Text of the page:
Fine tuning your wines to win!

Attending the first Wine GB tasting last month was a real treat, allowing me to taste a wide range of wines from all the different producers across the UK. Admittedly, not every single producer was on show, but it was a great showcase, highlighting some amazing things happening with producers across the UK and the level of quality was very impressive.  It was evident that producers were committed to striking the right balance of acidity, sweetness and complexity to suit the wine style, and Laffort offers a huge range of tools available to the winemaker to curate a particular wine style.

Acidity balancing

Malic acid is the dominant acid present in English wine styles due to the British climate. Malolactic fermentation (MLF) is a wine style choice, but can be difficult to achieve with the conditions English and Welsh wines present. With a pH of around 3.0, (particularly sparkling base wines), bacteria that are well suited to this acidic condition, such as LACTOENOS B16 standard, can undergo MLF post fermentation. Proper nutritional management with Malostart and culture preparation is needed, but the B16 bacteria has a very good reputation and record in completing MLF. As well as MLF, acidity can be balanced with the natural yeast peptides and rectified concentrated grape must (RCGM).

Autolysis enhancement

The breakdown of the yeast cell walls, occurring during wine ageing on lees, releases a complex of Beta-glucans and Mannoproteins. Battonage, historically a Burgundian wine making technique, is now adopted all over the world to enhance this style in wine. The breakdown and release of these compounds during lees ageing, especially the secondary fermentation in-bottle typical of high quality English sparkling wine, enhances mouthfeel and palate weight. It can also help stabilise wine as well as enhancing bubble formation alongside proteins. These polysaccharide components give the consumer a perceived sweetness and richness without modifying the sugar content of the wine. Side benefits also include the ability to bind to phenolic compounds, reducing the yellowing process during ageing. They also bind with each other forming chains and can trap carbon dioxide bubbles from sparkling wine to enhance and stabilise the foam seen in the glass.

Naturally occurring products to enhance or accelerate this process include;

  •  Extralyse; an enzyme that accelerates biological mechanisms linked to yeast autolysis and in particular the release of molecules responsible for roundness and volume on the palate derived from ageing on lees. It also improves filterability of wine before bottling.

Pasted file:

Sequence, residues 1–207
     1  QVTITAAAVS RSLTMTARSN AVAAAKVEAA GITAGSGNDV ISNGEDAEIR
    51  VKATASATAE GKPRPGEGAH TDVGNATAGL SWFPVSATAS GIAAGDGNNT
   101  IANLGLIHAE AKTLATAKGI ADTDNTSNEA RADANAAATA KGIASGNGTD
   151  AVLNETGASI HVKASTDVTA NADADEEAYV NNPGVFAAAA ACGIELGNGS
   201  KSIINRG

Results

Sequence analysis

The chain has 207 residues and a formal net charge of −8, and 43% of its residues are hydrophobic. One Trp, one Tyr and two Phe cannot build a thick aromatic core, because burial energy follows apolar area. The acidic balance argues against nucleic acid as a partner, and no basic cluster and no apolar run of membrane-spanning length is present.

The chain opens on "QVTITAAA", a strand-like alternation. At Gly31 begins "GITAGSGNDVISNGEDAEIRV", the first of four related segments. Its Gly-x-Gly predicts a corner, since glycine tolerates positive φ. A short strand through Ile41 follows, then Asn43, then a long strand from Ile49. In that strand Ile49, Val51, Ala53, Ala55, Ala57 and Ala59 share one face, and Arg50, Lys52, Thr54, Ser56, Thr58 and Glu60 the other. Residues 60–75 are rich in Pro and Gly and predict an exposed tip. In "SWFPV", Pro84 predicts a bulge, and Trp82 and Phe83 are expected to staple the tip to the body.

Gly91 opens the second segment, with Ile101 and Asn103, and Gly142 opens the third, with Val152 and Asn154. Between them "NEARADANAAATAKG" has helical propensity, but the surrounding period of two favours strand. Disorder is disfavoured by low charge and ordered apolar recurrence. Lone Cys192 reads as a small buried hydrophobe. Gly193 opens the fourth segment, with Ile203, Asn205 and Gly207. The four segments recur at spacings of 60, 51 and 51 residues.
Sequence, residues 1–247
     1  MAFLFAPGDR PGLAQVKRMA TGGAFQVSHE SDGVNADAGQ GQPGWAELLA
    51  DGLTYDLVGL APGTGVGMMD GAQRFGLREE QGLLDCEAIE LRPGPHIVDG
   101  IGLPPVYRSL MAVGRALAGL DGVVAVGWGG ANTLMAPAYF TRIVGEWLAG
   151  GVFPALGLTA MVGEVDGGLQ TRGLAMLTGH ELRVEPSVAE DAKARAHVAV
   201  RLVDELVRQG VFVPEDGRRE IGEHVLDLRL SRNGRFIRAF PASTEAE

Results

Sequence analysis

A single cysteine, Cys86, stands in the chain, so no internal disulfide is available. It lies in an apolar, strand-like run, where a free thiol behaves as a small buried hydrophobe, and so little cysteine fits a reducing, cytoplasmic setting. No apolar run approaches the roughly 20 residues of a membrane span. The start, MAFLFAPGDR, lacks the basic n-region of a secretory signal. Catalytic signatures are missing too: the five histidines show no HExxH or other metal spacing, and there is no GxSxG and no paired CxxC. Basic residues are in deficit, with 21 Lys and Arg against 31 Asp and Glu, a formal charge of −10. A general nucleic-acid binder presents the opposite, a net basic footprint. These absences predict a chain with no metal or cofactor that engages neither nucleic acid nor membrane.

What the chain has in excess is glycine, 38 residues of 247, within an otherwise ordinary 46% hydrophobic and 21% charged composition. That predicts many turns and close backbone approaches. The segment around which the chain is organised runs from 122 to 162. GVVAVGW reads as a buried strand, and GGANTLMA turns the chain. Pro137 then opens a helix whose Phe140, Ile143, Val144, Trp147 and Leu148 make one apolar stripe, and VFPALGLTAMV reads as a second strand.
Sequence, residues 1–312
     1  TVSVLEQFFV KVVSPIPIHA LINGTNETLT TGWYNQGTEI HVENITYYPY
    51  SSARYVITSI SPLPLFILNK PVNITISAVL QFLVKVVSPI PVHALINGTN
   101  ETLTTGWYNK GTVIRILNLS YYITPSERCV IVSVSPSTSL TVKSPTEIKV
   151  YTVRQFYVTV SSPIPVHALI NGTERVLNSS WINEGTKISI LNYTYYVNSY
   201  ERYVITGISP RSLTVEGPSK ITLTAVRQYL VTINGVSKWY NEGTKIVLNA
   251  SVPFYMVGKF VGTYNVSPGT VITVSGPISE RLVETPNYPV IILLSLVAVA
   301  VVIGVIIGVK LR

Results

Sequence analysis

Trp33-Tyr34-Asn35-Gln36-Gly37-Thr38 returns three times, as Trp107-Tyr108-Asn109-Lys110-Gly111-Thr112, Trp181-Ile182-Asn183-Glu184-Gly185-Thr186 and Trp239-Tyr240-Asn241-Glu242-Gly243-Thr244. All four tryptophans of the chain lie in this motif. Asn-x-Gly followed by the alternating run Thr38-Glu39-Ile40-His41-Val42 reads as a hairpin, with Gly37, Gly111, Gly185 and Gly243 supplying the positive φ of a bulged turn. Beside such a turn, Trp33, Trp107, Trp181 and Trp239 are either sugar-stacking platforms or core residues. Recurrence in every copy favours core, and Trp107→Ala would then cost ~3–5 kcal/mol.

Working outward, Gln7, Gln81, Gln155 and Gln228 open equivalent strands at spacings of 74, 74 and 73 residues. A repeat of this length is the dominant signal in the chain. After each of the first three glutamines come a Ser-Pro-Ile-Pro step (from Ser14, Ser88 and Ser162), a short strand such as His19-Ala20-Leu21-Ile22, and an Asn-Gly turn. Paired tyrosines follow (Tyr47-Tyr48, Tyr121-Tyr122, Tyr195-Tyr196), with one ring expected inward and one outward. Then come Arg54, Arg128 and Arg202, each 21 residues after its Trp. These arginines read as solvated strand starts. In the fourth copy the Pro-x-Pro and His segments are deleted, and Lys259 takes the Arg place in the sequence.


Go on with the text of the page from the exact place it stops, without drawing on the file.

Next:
•  Oenloees; a complex of yeast cell walls used to increase lees content, especially if the lees present has been compromised. It is a specific preparation of yeast cell walls with a high sapid peptide content.  It provides an increase of sweetness sensations with a concurrent decrease in tannin aggressiveness (through a light fining effect).
  •  Oenolees MP; A specific preparation of yeast cell wall extract (Mannoprotein), rich in sapid peptide (Patent EP 1850682) and in polysaccharides. It improves smoothness in wines, allowing the winemaker to delicately balance both acidity and bitterness.

Other yeast derived products available are Mannostab, used to prevent tartaric precipitation, Mannofeel another stabilising agent with the highest concentration of mannoproteines on the market as well as Fresharom, with a high Glutathione precursor content used to protect wine from oxidation.

Tannin enhancement

Tannin behaviour in wine is a huge topic as tannins from endogenous or exogenous sources can have a profound effect on ageing potential, oxygen, colour stability, structure, aroma and perceived sweetness. Ellagitannins are the dominant tannin group that is the most stable in wine that can enhance the above properties depending on the tannin source and toasting levels. All tannins add an element of protection from oxidation, and in addition, neutral tannins such as Tanfresh, Nobile Base and Fresh can give structure, perceived sweetness and colour stability, helping balance the natural acidity in wine.

Bench trials

We always recommend bench trialling any product that will change the profile of your wine before adding to a tank. Top tip to perform a bench trial in a cost effective way is to use 500ml beer bottles or similar (such as a Grolsch swing top) this gives a fair representation of the organoleptic effect of the different treatments to your wine and you can easily divide into the required dosage as you scale up.

Wine analysis

Award winning wines need to have thorough analytical assessments in order to qualify for competitions as well as meeting label requirements. This is something we are able to offer with our partner laboratories with SARCO (https://www.sarco.fr/en/). Pre and post bottling checks to measure and assess quality is possible with SARCO, consisting of a team of over twenty specialists in their fields, bringing together doctors, engineers, oenologists, chemists and microbiologists, the SARCO laboratory offers skilled and specific analytical expertise. For further information and laboratory analysis, please speak to Mark Crumpton on 07805081677 and mark@erben.co.uk.

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